plus 8x-squared
minus 2x minus 4.
They don't always go sequential
like this,
an exponent of 3, an exponent
of 2, an exponent of 1.
Sometimes they skip one,
but you want to make sure
that those exponents go
in descending order.
Now that this is written
in standard form,
I can figure out
what the leading coefficient is.
The leading coefficient
is the coefficient
of your first term.
The leading term
is coefficient.
My first term is 7x-cubed,
and the coefficient there is 7.
So, the leading coefficient
of this polynomial is 7.
And you're all done.
It took a bit of work
to get there,
but the answer is
that constant, that 7.
Let's keep going.
What's the leading coefficient
of this polynomial?
I see I have 3x minus
x to the 4th plus 5x-squared.
I have to do some maneuvering,
because it's not
in standard form.
I know that
because I see that
that middle term
has the largest exponent, 4,
and it's not written first.
And when polynomials
are written in standard form,
it's gonna start
from the largest
and go down the line.
I need to do some rearranging.
That -x to the 4th
needs to be written first.
So, -x to the 4th.
All right, handled that.
I don't have an exponent of 3,
but I do have an exponent of 2.
It's attached to this term here.
That's a positive 5x-squared.
So, plus 5x-squared.
Handled that.
Then my last term is this 3x.
There's no sign
out front of it.
That tells me it's positive.
I can write that as plus 3x.
Now that this polynomial
is written in standard form,
now you can pick out
the leading coefficient.
Your first term is
-x to the 4th,
and same for coefficients
as exponents.
When you don't see
a coefficient,
there is
an invisible one there.
So, this first term
is like -1x to the 4th,
which would mean
that its coefficient is -1.
My leading coefficient
for this polynomial is -1.
Okay?
Let's try one more: 2 plus 9x.
All right.
That's not in standard form.
How do I know that?
Because that x
has an exponent of 1.
This 2 is a constant term.
I know there's
an x to the 0 there.
So, this isn't written
in the right order.
This term should be first.
It has the largest exponent.
So, 9x--It's positive, but you
don't have to write the plus
when it's the first term.
I've handled that.
Then you have the 2.
There's no sign out front,
so it's positive.
This really should be written
as 9x plus 2
for it to be
in standard form.
Now that it's
in standard form,
look at your leading term.
It's 9x, and the coefficient
of that first term is 9.
So, the leading coefficient
of that polynomial is 9.
All right?
All right, it's your turn.
Go ahead and press pause,
take a minute,
and work through these problems.
Remember how we did it.
First, make sure that polynomial
is written in standard form.
Then pick out
the leading coefficient.
When you're ready to compare
answers with me, press play.

(Describer) Title: What is the leading coefficient?
Number One: 3 plus 4x minus 9x-cubed plus 17x-squared
Number Two: 11 minus 3x-squared plus x to the fourth.

(describer)
What is
the leading coefficient?
Number 1: 3 plus 4x minus
9x-cubed plus 17x-squared.
Number 2: 11 minus 3x-squared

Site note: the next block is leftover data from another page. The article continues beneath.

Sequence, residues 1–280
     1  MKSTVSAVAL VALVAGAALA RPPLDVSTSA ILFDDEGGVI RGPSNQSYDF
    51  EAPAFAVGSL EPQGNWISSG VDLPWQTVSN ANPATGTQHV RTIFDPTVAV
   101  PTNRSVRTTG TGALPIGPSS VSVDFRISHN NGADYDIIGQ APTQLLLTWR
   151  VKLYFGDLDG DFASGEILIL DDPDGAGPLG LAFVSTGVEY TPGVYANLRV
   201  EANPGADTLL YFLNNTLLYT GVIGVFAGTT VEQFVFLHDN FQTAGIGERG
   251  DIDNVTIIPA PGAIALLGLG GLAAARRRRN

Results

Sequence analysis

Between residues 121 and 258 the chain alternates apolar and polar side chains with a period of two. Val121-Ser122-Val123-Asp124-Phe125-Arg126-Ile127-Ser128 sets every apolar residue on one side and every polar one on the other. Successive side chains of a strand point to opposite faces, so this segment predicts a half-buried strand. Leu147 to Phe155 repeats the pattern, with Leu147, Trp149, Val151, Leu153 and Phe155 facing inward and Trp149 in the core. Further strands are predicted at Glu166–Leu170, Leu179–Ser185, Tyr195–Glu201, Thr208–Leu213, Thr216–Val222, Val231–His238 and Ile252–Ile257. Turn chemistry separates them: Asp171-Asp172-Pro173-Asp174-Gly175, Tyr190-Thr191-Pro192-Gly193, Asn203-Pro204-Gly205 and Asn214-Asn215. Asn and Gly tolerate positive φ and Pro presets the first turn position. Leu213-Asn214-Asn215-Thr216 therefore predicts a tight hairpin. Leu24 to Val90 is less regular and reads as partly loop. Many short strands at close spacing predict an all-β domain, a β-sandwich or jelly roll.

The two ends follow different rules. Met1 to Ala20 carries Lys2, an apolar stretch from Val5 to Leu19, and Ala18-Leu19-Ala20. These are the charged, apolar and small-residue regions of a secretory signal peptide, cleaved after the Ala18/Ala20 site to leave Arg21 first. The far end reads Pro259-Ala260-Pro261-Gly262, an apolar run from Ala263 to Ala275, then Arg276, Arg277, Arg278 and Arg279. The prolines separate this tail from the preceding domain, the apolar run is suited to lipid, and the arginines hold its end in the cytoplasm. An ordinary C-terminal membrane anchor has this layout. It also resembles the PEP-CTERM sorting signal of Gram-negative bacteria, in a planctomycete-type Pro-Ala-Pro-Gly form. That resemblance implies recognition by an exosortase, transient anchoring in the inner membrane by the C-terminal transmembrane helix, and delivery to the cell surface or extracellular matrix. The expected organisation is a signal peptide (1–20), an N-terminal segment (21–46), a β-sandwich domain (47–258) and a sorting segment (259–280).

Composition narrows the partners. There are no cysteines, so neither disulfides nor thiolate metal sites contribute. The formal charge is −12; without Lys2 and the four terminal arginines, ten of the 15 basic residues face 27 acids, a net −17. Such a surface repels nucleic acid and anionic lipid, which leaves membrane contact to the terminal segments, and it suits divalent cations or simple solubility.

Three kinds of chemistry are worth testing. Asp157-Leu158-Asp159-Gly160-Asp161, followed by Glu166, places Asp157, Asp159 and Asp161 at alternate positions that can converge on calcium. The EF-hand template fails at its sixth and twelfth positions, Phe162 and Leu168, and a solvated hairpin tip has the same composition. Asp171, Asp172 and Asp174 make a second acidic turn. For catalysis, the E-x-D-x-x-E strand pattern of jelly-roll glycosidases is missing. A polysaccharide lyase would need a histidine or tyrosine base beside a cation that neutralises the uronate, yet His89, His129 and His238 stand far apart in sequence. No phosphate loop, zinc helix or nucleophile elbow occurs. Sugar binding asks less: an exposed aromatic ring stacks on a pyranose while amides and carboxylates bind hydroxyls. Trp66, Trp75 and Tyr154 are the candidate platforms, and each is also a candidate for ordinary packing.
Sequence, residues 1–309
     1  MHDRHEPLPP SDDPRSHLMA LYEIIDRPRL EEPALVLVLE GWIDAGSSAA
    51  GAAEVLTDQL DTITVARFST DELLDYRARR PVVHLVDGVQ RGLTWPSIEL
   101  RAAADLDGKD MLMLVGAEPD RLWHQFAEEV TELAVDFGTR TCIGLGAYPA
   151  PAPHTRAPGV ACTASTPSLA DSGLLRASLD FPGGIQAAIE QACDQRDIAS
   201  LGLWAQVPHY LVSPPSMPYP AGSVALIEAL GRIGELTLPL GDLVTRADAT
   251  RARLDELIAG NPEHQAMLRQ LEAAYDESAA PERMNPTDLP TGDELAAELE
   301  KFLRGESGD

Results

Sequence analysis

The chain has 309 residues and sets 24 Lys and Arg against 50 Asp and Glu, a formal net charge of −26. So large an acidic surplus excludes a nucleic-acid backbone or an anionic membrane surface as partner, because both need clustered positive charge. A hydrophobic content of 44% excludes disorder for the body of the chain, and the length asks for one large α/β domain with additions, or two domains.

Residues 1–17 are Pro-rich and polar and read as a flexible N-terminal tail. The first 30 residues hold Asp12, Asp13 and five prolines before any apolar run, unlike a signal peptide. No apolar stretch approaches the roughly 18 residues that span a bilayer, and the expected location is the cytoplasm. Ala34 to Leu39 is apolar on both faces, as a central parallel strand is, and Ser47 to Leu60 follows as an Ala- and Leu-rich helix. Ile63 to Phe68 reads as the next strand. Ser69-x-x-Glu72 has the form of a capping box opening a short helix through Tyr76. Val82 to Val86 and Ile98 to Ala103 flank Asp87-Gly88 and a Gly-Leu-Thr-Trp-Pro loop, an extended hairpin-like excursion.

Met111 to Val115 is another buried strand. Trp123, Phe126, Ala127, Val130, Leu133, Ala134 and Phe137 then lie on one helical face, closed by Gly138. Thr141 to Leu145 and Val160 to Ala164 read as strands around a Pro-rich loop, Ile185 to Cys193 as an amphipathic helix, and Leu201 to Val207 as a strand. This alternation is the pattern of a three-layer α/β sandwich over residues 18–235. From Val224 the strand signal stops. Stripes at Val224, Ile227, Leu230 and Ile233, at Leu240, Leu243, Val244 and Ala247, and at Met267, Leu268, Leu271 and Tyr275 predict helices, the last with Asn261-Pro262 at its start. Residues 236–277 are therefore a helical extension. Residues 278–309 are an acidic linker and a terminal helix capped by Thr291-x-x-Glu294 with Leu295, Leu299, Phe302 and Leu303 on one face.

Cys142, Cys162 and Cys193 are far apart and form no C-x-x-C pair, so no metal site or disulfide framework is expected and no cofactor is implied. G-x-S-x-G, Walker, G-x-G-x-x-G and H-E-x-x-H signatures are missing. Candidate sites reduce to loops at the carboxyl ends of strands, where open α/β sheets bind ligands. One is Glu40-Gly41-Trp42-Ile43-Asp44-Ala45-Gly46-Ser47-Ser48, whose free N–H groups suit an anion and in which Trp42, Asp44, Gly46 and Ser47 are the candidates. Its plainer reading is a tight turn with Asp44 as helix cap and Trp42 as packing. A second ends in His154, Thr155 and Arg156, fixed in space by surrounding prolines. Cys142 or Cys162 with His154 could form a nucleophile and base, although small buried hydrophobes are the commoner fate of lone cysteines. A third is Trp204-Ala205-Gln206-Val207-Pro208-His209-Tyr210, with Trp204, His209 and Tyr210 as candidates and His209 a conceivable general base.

plus x to the fourth.
You ready to check?
Let's check.
Let's get the pointer tool.
For that first polynomial,
3 plus 4x minus 9x-cubed
plus 17x-squared,
the leading coefficient: -9.
For the second one, 11 minus
3x-squared plus x to the 4th,
that leading coefficient is 1.
If you need to see
how I did it, here we go.

(Describer) She switches to just the first problem.

So, first, I noticed
this wasn't written
in standard form,
because the term
with the largest exponent
wasn't written first.
I spotted that three, and I knew
it was a part of that term.
So, that should have been
written first: -9x-cubed.
All right.
Then I handled that.
I saw I had
an exponent of 2,
and that's the next one,
going in descending order.
That's a positive 17x-squared.
So, plus 17x-squared.
Now I handled that.
Now I see the 4x.
It's positive.
So, plus 4x.
All righty.
Then I see the 3.
There's no sign in front of it,
so it's positive.
So, plus 3.
Now that it's written
in standard form,
look at your first coefficient--
or look at your first term.
It's -9x-cubed,
and the coefficient
of that term is -9.
So, the leading coefficient
is -9.
Okay? Need to see
the second one?

(Describer) She switches to it.

All righty. 11 minus
3x-squared plus x to the 4th.
This wasn't written
in standard form,
so I had to rearrange it first.
That 4 is the largest exponent.
That means that x to the 4th
should be written first.
It's positive.
So, x to the 4th. Right?
Handled that.
Next exponent,
going in descending order,
would be 2,
and it's attached to that term.
So, -3x-squared.
Okay. Now I've handled that.
And that constant term, 11,
there's no sign in front of it,
so it's positive.
So, plus 11. Right?
Then I gave it a glance over.
I see that my first term
is x to the 4th.
I don't see a coefficient,
so I know
there's an invisible 1.
So, my leading coefficient is 1.
All right.
Hope you're getting comfortable
with the world of polynomials.
We'll do more with this topic,
but I hope that you got
a good introduction.
See you soon. Bye.

(Describer) Accessibility provided by the US Department of Education.